Lazydays Reports Higher Earnings and Unit Volume During First Quarter

Lazydays Holdings Inc. got off to a good start in 2020 with a 10.3 percent increase in revenue over first quarter 2019 and a 22 percent increase in RV unit sales. Lazydays operates RV dealerships in Florida, Arizona, Colorado, Minnesota, and Tennessee. For Lazydays’ complete news release, click here.


Gib's RV Superstore in Coos Bay, OR, has emphasized in all of its advertising that camping "is the best germ-free vacation," says dealer Lisa Larkin, RVDA's Oregon delegate. Her store has maintained its advertising schedule and budget but is relying heavily on the Internet. "Our message is that 'We’re here for you,'" she says. "‘We’re here, we’re open, we’re cleaning constantly, and we’re being very careful.’ A lot of people live in RVs in our area, and we wanted them to know that we were still open and here with parts and service. A lot of people who came in said ‘I’m so glad you’re still here, because my sink broke.’"

Larkin finds that many customers don't want to negotiate over price. "They come in, they pay the advertised price, or they only ask for a small adjustment. The people coming in are buyers. They are ready to buy and ready to pay what they need to pay," she says.

Campgrounds in her area are in the process of reopening this week and next, she says, "and I can’t wait to see what kind of explosion we have.”

Upstate New York

With the easing of COVID-19 related restrictions possibly occurring as soon as May 15, RV dealers in Upstate and Western New York are confident the RV market will rebound in the area.   “We’ve had a lot of interest since private campgrounds in the Upstate opened last weekend (May 2-3),” said Andy Heck of Alpin Haus, with locations in Amsterdam, Saratoga and Port Jervis, NY. “We did some deliveries (of RVs to campground sites), and we think there will be pent-up demand – big time. Maybe not as many shoppers, but there’s buyers out there, so closing ratios will be way up.”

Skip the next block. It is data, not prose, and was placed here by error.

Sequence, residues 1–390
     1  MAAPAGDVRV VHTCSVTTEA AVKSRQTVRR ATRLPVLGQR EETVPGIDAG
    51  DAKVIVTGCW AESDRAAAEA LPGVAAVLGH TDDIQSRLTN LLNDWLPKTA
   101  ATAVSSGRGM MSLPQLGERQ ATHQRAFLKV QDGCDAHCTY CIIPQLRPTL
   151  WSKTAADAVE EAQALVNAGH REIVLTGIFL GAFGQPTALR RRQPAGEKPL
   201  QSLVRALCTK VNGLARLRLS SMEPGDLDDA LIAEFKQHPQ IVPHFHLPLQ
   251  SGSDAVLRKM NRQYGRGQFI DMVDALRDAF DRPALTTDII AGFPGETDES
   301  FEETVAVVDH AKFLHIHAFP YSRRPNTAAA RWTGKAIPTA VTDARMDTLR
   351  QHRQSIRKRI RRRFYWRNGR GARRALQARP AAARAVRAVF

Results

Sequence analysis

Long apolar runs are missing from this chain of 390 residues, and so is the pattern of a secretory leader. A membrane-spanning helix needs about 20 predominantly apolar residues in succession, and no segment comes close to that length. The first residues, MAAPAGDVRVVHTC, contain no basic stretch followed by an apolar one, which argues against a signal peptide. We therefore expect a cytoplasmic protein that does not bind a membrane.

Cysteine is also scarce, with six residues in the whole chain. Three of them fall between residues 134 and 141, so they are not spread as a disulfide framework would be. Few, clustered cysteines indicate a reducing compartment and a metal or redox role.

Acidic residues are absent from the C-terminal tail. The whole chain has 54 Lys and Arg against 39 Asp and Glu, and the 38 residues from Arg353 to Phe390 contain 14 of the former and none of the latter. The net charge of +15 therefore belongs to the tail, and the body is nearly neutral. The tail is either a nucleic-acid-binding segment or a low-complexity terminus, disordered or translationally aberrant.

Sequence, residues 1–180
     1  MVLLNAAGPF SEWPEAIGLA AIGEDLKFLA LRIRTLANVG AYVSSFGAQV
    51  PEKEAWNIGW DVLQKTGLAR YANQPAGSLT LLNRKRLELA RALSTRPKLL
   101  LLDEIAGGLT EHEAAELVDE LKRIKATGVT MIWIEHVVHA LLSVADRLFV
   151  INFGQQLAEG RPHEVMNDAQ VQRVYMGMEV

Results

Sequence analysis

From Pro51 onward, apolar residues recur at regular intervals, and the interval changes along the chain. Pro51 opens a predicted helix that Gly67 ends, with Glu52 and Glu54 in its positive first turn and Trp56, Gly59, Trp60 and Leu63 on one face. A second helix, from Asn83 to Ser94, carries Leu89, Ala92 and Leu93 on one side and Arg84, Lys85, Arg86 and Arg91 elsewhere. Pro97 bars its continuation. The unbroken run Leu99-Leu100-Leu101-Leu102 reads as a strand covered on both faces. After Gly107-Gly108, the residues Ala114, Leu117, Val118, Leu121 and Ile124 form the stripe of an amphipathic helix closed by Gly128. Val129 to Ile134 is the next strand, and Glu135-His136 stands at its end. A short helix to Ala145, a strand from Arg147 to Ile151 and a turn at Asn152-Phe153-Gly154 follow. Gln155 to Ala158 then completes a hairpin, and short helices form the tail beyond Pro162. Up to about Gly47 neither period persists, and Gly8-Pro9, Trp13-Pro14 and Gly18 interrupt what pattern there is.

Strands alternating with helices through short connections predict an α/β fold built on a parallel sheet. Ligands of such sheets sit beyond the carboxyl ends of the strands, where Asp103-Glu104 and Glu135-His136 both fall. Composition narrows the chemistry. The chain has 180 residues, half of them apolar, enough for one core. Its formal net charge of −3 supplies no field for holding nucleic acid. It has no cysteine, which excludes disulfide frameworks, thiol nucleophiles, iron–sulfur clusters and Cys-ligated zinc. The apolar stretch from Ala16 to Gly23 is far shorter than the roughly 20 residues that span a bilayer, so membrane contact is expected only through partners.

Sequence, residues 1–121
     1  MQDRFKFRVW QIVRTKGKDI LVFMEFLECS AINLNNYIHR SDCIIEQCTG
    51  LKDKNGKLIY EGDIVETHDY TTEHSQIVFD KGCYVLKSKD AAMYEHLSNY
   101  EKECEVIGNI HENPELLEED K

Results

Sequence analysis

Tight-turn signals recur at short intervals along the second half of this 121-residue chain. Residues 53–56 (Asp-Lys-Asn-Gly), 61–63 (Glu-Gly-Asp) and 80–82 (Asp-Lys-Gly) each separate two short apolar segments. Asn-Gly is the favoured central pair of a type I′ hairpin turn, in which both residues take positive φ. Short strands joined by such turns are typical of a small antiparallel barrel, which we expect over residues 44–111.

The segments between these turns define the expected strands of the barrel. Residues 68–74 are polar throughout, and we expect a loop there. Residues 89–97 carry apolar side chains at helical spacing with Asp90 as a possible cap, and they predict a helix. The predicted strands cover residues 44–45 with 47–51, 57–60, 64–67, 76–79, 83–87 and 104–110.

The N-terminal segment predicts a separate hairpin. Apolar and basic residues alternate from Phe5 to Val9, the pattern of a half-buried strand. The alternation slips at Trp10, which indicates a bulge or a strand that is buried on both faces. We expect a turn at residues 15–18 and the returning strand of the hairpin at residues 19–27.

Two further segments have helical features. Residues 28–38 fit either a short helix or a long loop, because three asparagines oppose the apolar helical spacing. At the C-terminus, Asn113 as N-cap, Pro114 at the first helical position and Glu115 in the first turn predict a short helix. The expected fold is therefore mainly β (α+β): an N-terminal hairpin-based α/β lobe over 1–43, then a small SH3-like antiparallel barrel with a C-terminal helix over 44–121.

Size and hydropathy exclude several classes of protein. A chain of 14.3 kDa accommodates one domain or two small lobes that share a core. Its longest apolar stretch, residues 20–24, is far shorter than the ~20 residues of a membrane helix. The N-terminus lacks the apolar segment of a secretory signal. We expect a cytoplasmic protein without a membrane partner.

Jim Colton of Colton RV, with locations in North Tonawanda, Orchard Park and Blasdale, NY, said his dealership sold two highline motorhomes “over the phone” on Saturday (May 2), which was a pleasant surprise considering his sales volume in April was only about half of what it was during April 2019.   Interest rates are now extremely low, and Colton said both highline motorhome purchases were financed. “We’re pushing financing. We did some price-slashing (to move product during April), but not a ton,” he said. “We’re treating different brands (in terms of retail pricing and wholesale order volume) differently.

Brian Wilkins of Wilkins RV, with locations in Bath, Churchville, Syracuse and Victor, NY, admitted, “We came into April full of fear, but April turned out to be a lot better than we expected. We didn’t cancel any factory orders in April. We said they (manufacturers) could build what was scheduled and now, we are ordering product.   “I think there will be some pent-up demand,” Wilkins continued. “2020 will be a rough ride. Small businesses will take a hit and that will affect the ability of people to buy RVs. But 2021 and beyond, it could be good for the RV industry.”

All RV dealerships in New York State were shut down March 22, but after a few days, service departments reopened once they were re-classified as essential businesses. However, sales departments still can only operate virtually – by social media, email, phone or appointment only – at least until May 15.

At Alpin Haus, the service departments at Amsterdam and Saratoga “have been getting busier every single week” since their re-opening, Heck said. The exception has been Port Jervis, which is closer to New York City, and Heck believes people there are more afraid of becoming infected than people 150 miles north in the Upstate.  “Our RV sales were down 75 percent in April,” Heck said. “Once we fully reopen, I think sales in every remaining month of this year will be higher than last year, but I don’t think we’ll make-up for the two months of almost no sales.”  Alpin Haus’ staffing level is 60 to 70 percent of what it would normally be for early May.  Colton RV is up to 100 employees now, with the goal of expanding its payroll to 135 by June. As of the first week of March. Wilkins said his parts and service departments were fully staffed and “one-third of our sales department is now employed.” 

At all three dealerships, employees and customers are mandated by the state to wear masks because social distancing is not always possible inside an office building. Colton RV has a table at the public entrance to its locations where customers can find masks, gloves and hand sanitizers for use during their visits. “We’ll probably put a greeter there to help customers with those items,” Colton added.